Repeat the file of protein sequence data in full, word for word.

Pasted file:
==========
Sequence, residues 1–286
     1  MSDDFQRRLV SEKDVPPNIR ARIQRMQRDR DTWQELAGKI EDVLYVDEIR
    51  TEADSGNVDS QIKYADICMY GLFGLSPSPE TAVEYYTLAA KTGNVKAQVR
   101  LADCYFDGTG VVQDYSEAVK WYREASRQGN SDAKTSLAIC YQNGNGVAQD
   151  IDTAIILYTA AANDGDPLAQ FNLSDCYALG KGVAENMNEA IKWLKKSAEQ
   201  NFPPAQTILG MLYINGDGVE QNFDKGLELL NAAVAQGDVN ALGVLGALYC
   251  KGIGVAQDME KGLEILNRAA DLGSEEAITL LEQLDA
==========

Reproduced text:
Sequence, residues 1–286
     1  MSDDFQRRLV SEKDVPPNIR ARIQRMQRDR DTWQELAGKI EDVLYVDEIR
    51  TEADSGNVDS QIKYADICMY GLFGLSPSPE TAVEYYTLAA KTGNVKAQVR
   101  LADCYFDGTG VVQDYSEAVK WYREASRQGN SDAKTSLAIC YQNGNGVAQD
   151  IDTAIILYTA AANDGDPLAQ FNLSDCYALG KGVAENMNEA IKWLKKSAEQ
   201  NFPPAQTILG MLYINGDGVE QNFDKGLELL NAAVAQGDVN ALGVLGALYC
   251  KGIGVAQDME KGLEILNRAA DLGSEEAITL LEQLDA